Social Network’s Jesse Eisenberg Fulfills Liberal Stereotype In His Obama Endorsement

As we previously reported, in the 90 days leading up to Election Day, 90 different celebrities/authors will post their “reason” to vote for President Obama this year to an online project appropriately called “90 Days, 90 Reasons.”

Naturally, some of these posts have been, er… pretentious.

Take, for example, the recent post from Oscar-nominated star of The Social Network Jesse Eisenberg, who in an essay titled “President Obama Understands The World Writ Large,” makes the case for Obama thusly:

I’m traveling through Mongolia and currently staying in a yurt. This was not by choice; I’m with persuasive friends. If it were up to me I’d never leave my apartment and, more specifically, the bedroom area. But my comforts have given me a nagging sense of discomfort. I think traveling and seeing how other people live, even if I’m not totally immersing myself, assuages some of my unease because it re-sensitizes me to the difficulties and existential inconveniences that most other people face. In this way, I think Barack Obama is a good leader for our diverse country because he’s seen how the world lives. It doesn’t take a lot to realize that seeing the world forces you to interact with it in a different way and I know that I feel more comfortable being represented by someone who’s seen it.

This could be one of the most hilariously unwitting self-fulfillments of the stereotypical wealthy, white liberal wearing a keffiyeh, sipping fair trade coffee from some exotic developing country they’ve visited many times. His entire case for Obama is based on the fact that he is in a yurt… in Mongolia… with Wi-Fi access. And this somehow demonstrates the worldliness he admires and sees in the president.

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Eisenberg’s point is understandable in the sense that liberals believe Obama’s foreign policy decisions reflect a greater understanding of and compassion for the world “writ large” (no word on how Eisenberg feels about the president’s use of unauthorized drone strikes), but “90 Days, 90 Reasons” creator Dave Eggersintroductory essay best encapsulates the willful foreign policy blindness that underlies both his and Eisenberg’s case for the president:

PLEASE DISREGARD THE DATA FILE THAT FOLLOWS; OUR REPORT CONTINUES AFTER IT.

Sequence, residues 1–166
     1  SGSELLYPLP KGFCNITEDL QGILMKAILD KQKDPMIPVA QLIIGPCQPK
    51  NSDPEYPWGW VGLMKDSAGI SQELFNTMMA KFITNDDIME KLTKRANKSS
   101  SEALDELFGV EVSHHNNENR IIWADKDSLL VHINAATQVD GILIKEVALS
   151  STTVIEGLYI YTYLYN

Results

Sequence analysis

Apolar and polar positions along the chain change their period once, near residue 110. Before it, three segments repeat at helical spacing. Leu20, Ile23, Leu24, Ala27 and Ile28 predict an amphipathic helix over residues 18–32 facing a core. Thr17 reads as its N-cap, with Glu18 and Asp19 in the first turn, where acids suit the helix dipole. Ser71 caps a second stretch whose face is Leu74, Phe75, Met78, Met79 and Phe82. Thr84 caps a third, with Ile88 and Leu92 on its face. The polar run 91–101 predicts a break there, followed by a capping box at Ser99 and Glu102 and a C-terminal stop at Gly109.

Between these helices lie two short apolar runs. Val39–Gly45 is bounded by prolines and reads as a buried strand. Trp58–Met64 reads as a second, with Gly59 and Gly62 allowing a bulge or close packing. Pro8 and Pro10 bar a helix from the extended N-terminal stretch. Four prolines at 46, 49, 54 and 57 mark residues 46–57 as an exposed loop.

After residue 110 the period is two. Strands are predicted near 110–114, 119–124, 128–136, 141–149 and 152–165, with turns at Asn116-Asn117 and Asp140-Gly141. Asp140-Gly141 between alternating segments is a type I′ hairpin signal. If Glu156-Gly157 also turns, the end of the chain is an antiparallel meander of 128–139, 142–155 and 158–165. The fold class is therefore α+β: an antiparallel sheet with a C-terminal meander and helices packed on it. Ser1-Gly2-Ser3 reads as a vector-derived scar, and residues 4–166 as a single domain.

Republican leadership is not better for the economy than Democratic leadership. Bill Clinton brought the country eight years of peace and eight years of prosperity. George W. Bush brought two wars, crippling recession, and engendered a tangible, unshakeable feeling of national malaise. Two wars and a recession will do it every time.

President Obama inherited all this. And he’s done a very good job of trying to get us out of the hole Republican leadership put us in. The economy is in better shape now than it was in 2008—that is beyond debate. He ended the war in Iraq and he’s nearly finished our role in Afghanistan. And he accomplished what Bush’s two wars were meant to do: he removed the threat of Osama bin Laden.

A few corrections are in order here, and over at Reason Mike Riggs did the best possible job:

Actually, Clinton did embroil us in international conflict, in a little country called Bosnia. Clinton claimed that if the U.S. did not intervene, the Bosnian War would destabilize all of Europe, which would hurt the U.S. If that argument sounds familiar, it’s because Obama used it to impose a no-fly zone over Libya, which — thanks to our help — is now mired in tribal anarchy just elected its first interim president, one week after armed men attacked a Red Cross outpost for the fifth time in three months. Furthermore, Bush did not invade Iraq to kill bin Laden, but rather to find nonexistent weapons of mass destruction. This does not excuse the war, which was a terrible, terrible idea made possible by the Democratic Party and The New York Times, but facts do matter.

But the president is a war-ender, right? Not exactly. Take it away, Riggs:

Obama still has troops and U.S. military contractors in Iraq, and plans to have them in Afghanistan–in some form or another–indefinitely. He is flying predator drones over Yemen, Pakistan, and Afghanistan, and he is using them to kill teenagers with brown skin, under the auspices that any Muslim male old enough to grow pubic hair is old enough to die for the uncommitted future sins of men with similar religious convictions. He has murdered American citizens without giving them the increasingly quaint benefit of due process (negative rights are atavistic, don’t you know).

This, of course, is not to say that a Mitt Romney presidency’s foreign policy would be any better. (It wouldn’t.) But Eisenberg in his Mongolian yurt should at least recognize that “worldliness” does not necessarily mean a “sensitive” foreign policy.

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